Composites World / NetComposites

Connecting you to the composites industry


NetComposites Ltd has transferred the rights and ownership of this website to Gardner Business Media Inc.

On 1st January 2020, NetComposites' media assets including, newsletters and conferences were transferred to Composites World (Gardner Business Media).

This site is no longer being updated. Please direct all enquiries to

For further details see our joint press release.

UK Partnership Commences Work on LIFEcar Project

  • Friday, 24th June 2005
  • Reading time: about 3 minutes

A wholly British partnership that includes QinetiQ, Europe’s largest science and technology solutions company, unveiled plans earlier this week to develop the world’s first environmentally clean sports car, powered by a fuel cell which converts hydrogen into electricity.

Partnering QinetiQ in the project will be the British sports car manufacturer, the Morgan Motor Company, Cranfield and Oxford Universities, BOC and OSCar.

The new vehicle, known as LIFECar, will be ultra quiet and its exhaust systems will produce only water vapour. It promises a clean vehicle combined with sound motoring performance and stylish good looks.

Qinetiq were not able to expand on the materials used in the project, as the project is still in its infancy. They did however state that the fuel cell components will be made from reinforced carbon fibre, with the high pressure cylinder also being wrapped in carbon fibre.

Part-funded by the Department for Trade and Industry (DTI), LIFECar is a two and half-year long project which marks a step change in vehicle power technology, producing a combination of performance, range and fuel economy that will be essential to the motoring world of the future.

LIFECar will be based on the Morgan Aero Eight, and will be powered by a QinetiQ-made fuel cell, which converts hydrogen – and oxygen taken from the air around it – into electrical energy. It will be clean, quiet and economic, and the only waste product from the car will be water. The car’s power system will be incredibly efficient, producing significant improvements over current fuel cell prototype vehicles, with the fuel cell powering four separate electric motors, one at each drive wheel.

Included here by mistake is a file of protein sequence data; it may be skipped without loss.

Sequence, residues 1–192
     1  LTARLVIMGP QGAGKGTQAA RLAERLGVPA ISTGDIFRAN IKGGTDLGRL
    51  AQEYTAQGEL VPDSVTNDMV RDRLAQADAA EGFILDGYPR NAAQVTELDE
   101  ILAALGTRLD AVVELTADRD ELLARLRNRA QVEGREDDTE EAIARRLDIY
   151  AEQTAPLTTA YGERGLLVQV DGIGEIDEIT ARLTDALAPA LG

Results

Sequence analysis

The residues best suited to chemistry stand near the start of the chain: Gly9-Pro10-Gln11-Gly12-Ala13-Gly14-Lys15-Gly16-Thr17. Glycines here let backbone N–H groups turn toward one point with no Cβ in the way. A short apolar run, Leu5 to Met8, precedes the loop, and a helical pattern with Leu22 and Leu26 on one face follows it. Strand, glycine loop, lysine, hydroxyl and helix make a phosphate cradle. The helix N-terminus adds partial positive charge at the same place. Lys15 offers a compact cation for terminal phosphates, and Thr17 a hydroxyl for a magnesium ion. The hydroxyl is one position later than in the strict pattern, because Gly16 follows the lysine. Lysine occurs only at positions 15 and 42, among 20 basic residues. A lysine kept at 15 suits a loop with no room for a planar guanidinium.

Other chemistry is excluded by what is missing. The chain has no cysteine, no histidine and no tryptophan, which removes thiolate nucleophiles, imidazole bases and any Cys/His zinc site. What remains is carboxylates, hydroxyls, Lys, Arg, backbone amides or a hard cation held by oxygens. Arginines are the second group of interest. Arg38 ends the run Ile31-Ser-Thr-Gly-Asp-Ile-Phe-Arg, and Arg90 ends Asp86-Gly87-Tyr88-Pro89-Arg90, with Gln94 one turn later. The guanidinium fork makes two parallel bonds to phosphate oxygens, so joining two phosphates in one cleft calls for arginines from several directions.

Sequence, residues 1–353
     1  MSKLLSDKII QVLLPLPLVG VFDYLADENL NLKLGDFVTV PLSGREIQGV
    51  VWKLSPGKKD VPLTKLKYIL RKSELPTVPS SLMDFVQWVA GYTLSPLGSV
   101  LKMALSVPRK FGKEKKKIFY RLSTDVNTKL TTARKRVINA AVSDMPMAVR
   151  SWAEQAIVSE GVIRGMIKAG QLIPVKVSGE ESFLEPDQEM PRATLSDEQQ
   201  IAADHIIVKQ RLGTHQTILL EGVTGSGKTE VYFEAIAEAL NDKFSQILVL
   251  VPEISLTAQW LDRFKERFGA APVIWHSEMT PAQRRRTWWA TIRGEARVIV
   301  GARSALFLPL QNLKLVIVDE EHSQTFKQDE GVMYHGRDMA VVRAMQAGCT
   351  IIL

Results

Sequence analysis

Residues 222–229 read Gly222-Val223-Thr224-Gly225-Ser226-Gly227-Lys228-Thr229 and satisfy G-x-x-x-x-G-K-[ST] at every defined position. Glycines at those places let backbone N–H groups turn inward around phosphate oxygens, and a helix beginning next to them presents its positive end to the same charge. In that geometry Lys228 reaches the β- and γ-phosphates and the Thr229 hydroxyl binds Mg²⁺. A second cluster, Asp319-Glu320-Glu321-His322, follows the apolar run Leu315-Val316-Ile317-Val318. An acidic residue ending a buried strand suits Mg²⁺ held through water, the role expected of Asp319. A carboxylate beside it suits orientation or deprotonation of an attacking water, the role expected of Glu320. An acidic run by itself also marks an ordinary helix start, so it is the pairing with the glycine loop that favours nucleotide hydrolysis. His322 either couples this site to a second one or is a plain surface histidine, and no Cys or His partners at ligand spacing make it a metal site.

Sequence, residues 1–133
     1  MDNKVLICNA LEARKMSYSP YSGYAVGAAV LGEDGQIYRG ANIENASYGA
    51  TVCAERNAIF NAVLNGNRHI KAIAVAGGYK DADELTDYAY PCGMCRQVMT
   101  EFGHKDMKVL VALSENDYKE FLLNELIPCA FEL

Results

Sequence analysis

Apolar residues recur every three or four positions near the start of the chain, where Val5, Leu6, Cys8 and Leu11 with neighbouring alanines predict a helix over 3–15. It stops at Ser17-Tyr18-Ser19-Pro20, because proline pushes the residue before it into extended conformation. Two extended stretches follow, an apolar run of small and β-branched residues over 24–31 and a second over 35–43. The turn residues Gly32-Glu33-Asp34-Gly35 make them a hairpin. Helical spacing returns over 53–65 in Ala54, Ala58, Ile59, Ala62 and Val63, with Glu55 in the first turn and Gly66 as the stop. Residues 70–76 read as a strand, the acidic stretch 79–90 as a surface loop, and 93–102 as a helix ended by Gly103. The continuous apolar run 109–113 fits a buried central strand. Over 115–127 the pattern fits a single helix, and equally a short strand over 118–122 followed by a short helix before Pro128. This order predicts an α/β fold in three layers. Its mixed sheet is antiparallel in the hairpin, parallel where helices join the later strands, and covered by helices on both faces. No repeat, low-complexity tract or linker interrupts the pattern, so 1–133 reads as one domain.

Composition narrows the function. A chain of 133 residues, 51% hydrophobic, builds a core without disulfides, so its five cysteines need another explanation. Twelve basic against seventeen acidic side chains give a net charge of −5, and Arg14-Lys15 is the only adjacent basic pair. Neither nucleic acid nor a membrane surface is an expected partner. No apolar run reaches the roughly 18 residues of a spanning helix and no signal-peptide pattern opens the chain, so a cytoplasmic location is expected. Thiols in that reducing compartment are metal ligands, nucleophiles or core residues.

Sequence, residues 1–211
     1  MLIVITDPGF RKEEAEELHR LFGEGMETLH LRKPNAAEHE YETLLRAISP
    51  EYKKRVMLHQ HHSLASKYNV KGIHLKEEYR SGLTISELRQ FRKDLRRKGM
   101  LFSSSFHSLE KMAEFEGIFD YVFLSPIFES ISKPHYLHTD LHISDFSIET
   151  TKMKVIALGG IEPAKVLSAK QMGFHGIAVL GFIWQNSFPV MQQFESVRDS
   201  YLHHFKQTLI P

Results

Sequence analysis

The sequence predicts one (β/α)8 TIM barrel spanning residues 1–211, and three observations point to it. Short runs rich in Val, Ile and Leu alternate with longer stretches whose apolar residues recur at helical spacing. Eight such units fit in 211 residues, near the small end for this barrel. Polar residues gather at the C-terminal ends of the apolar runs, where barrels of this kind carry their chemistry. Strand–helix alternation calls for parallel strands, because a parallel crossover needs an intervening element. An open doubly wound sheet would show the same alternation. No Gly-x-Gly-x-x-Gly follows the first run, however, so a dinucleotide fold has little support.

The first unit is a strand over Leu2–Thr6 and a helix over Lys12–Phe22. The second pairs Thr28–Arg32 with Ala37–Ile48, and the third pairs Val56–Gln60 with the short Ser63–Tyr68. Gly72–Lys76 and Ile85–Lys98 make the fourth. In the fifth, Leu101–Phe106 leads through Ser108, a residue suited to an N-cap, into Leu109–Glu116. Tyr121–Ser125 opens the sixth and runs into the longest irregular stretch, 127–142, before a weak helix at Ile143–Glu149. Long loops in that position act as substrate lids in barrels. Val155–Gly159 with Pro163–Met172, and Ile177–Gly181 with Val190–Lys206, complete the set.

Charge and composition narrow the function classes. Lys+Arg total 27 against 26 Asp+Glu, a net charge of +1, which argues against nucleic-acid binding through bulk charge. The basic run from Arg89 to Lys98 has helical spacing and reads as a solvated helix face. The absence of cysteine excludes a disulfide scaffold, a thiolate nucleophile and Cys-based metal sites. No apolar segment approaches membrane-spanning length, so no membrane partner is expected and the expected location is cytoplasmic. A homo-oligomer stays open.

The key to delivering this step change in energy efficiency lies in a combination of factors, including weight reduction due to its composite body, and a different design approach. This approach exploits opportunities across the vehicle to reduce energy losses and requirements.

Speaking at this year’s Society of Motor Manufacturers International Business Group, where the plans were unveiled, Charles Morgan, corporate strategy director of the Morgan Motor Company and LIFECar project director, said: ‘This is a project which captures the imagination. LIFECar promises to combine advanced technology while retaining the best in traditional ways of designing and building cars. A sports car that is beautiful, brilliant to drive but pollution free must be a goal worth striving for.’

Ian Whiting, business development manager, QinetiQ said: “”LIFECar is about catching the first big wave in the energy revolution, which is set to transform the motoring industry in the same way that the computer industry was transformed by the personal computer decades ago.””

Costing a total of £1.9m, involving a mix of industry and DTI funding, the two and half year project will be broken down into the following areas of responsibility:
BOC Developing the hydrogen refuelling plant;
Cranfield University Systems simulation, on-board computing and control of the fuel-cell hybrid powertrain. Also responsible for analysis of the integrated design process used;
Vehicle controller and control algorithm, together with modelling software;
Morgan Motor Company Providing the car platform and assembling the final concept car;
Oxford University Undertaking the design and control of the electric motors;
OSCar Responsible for overall system design and architecture;
QinetiQ Developing Proton Exchange Membrane Fuel Cell (PEMFC)

Tony Juniper, director of Friends of the Earth, welcomed the £1.9m project, which is expected to produce a prototype in two to three years. “”People will have to get used to quiet sports cars. What we also need is for the government to help to establish this technology and create a network of hydrogen filling stations,”” he said.

For more information visit:

Share this article


More News

Comments (0)

Leave your comment